OPINION BY MR. CHIEF JUSTICE JONES, January 17, 1957:
This appeal is from an order dismissing the plaintiffs' complaint in an action of assumpsit on the ground that the subject-matter is res judicata. In the priorly adjudicated action, the plaintiffs had sought to rescind their written order for the purchase of a welding machine from the defendant which the latter had duly delivered and for which the plaintiffs had paid in full. The cause of action pleaded in that suit was the defendant's
Subsequently, the plaintiffs instituted the present action wherein the parties are the same, the cause of action the same and the relief sought the same, namely, damages for the defendant's alleged breach of an express warranty with respect to the machine contained in the contract of sale. But, because the plaintiffs now claim, in addition to damages measured by the purchase price of the machine and the cost of repairs to it, also for consequential damages, they assert that the former action was not res judicata of the present one. The defendant again filed preliminary objections to the complaint, setting forth several grounds, inter alia, res judicata, which was the ground upon which the learned court below sustained the preliminary objections and dismissed the complaint. This appeal by the plaintiffs followed.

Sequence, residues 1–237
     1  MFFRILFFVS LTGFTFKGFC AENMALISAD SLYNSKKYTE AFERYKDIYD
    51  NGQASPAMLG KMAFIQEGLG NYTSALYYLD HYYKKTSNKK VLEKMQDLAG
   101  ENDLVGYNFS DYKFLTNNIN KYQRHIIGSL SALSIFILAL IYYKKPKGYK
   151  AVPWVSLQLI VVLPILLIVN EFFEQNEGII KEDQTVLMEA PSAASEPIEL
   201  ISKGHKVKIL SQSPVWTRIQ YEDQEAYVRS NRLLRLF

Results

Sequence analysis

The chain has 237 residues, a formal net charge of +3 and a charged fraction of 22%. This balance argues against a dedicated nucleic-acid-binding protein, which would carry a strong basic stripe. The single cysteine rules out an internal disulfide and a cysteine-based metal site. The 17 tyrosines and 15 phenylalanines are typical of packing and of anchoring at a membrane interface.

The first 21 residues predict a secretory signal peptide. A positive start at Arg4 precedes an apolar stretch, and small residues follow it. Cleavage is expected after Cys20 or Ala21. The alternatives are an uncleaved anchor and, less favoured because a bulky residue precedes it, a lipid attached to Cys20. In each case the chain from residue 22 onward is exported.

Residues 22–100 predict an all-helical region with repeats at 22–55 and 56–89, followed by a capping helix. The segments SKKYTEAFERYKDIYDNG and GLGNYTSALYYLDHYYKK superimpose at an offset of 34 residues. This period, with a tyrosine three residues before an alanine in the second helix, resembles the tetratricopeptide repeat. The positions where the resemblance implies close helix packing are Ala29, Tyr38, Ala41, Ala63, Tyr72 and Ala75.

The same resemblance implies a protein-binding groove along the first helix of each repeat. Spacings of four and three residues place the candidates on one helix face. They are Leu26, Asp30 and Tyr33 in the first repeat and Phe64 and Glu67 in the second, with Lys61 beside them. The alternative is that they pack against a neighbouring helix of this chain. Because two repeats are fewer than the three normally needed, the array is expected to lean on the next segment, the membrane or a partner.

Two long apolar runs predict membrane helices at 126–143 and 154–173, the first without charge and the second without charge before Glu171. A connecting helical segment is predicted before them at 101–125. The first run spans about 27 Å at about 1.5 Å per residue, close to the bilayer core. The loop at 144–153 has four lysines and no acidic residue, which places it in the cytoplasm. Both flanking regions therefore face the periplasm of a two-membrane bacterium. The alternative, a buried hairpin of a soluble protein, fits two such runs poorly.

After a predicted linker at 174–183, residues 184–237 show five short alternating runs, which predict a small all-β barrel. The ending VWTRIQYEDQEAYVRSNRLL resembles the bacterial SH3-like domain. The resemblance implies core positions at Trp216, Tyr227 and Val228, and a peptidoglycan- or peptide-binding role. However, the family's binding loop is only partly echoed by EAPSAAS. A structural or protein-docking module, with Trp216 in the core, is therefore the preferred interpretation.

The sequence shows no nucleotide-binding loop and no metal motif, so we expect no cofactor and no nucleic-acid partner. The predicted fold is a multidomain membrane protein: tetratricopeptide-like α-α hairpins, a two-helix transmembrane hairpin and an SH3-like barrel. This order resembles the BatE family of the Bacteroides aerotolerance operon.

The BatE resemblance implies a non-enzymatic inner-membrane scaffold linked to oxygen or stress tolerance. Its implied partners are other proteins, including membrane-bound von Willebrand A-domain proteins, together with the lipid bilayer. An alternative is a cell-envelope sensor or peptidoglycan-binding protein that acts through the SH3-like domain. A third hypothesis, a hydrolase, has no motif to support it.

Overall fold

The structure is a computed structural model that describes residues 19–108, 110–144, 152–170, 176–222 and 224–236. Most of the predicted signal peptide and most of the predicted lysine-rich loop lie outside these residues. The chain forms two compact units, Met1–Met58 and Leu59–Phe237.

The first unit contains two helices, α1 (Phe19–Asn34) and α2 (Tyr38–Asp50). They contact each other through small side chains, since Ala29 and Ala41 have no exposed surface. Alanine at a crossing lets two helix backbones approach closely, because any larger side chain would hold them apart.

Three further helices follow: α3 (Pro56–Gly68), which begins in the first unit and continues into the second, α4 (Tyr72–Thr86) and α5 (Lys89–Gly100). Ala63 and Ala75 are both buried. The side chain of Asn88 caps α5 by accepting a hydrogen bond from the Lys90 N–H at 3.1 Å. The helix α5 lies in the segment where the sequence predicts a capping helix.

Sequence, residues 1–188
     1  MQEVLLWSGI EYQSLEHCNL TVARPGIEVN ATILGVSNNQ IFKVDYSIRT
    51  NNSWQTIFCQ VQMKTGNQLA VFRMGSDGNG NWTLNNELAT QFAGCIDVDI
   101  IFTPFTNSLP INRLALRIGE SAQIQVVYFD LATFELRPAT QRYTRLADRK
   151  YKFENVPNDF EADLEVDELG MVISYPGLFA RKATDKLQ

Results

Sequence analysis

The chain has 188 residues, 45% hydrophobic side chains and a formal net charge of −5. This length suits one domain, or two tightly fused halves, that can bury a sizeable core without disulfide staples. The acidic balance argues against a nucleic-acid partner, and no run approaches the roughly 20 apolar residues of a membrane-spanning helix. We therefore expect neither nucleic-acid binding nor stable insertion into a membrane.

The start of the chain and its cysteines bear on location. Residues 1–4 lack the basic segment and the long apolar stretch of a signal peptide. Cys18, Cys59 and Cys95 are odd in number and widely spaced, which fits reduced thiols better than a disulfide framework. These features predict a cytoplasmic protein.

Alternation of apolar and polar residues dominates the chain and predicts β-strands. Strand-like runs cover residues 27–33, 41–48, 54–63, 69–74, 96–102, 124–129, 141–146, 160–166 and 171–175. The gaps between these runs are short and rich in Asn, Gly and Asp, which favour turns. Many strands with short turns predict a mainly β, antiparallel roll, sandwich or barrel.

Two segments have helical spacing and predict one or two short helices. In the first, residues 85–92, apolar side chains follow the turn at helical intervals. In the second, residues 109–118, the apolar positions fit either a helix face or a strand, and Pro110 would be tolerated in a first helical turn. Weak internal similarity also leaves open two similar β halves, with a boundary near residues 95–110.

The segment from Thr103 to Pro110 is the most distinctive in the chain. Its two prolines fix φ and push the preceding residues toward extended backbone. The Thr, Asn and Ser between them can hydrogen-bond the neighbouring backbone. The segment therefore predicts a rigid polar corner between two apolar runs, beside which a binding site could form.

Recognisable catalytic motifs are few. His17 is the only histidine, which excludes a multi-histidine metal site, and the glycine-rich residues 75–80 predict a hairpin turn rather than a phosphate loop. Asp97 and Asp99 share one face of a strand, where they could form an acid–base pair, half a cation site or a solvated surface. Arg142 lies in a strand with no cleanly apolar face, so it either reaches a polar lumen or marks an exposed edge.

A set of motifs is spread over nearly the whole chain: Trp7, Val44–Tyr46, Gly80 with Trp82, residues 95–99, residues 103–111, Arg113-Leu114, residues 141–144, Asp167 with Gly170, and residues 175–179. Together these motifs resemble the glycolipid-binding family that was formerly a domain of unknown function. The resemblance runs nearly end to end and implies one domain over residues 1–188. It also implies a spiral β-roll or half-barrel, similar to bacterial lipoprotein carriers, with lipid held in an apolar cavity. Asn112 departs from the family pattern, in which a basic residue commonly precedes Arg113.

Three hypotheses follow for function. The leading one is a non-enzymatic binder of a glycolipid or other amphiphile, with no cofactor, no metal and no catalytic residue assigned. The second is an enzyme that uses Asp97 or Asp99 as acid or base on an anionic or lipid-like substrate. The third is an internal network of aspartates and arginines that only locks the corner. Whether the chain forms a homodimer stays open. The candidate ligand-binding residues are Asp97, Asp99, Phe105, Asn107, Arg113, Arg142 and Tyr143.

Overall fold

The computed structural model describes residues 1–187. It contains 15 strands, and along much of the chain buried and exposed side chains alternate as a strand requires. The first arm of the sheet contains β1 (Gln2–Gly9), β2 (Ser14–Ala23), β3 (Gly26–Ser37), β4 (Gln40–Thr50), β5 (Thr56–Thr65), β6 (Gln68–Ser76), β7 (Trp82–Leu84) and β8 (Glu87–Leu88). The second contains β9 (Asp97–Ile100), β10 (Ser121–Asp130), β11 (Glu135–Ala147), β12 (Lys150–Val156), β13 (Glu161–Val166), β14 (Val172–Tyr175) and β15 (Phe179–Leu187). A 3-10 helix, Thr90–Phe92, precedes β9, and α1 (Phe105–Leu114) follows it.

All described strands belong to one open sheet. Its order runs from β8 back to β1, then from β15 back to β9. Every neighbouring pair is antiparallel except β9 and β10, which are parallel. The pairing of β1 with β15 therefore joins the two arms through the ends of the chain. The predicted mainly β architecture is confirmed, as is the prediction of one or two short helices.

The fallacy in the appellants' contention lies in their apparent misconception that the quantum of damages claimed for the alleged breach of warranty constitutes the cause of action. Accordingly, they argue that, since they have augmented the damages in the instant action
It is, of course, true that a buyer's acceptance of goods purchased does not discharge the seller from liability in damages for a breach of warranty in the contract of sale: Sec. 49 of the Sales Act of 1915, supra, 69 PS § 259. And, the buyer is deemed to have accepted the goods when, after the lapse of a reasonable time, he retains the goods without intimating to the seller that he has rejected them: Sec. 48 of the Sales Act, cit. supra. The theory of the plaintiffs in the instant action apparently is that, having been unable to rescind because of their failure to notify the seller within a reasonable time of the alleged defect in the machine, they stand in the position of acceptors of the goods with a right to proceed against the seller for damages for the alleged breach of warranty. The error in the argument lies in the fact that, although the plaintiffs so became acceptors of the goods, they had failed to give notice to the seller of the alleged breach of warranty within a reasonable time after they knew of such breach: Sec. 49 of the Sales Act, cit. supra. The issue of notice of the alleged defect in the machine within a reasonable time was concluded against them by the final order in the prior suit from which no appeal was taken.
The only thing that appears to have given the court below any pause was whether the defense of res judicata could be raised by preliminary objections. Ordinarily, it cannot be because the pleadings do not contain, and cannot properly be made to contain, the facts essential to the requisite comparison between the two suits. But, where, as here, the plaintiffs' complaint sets forth in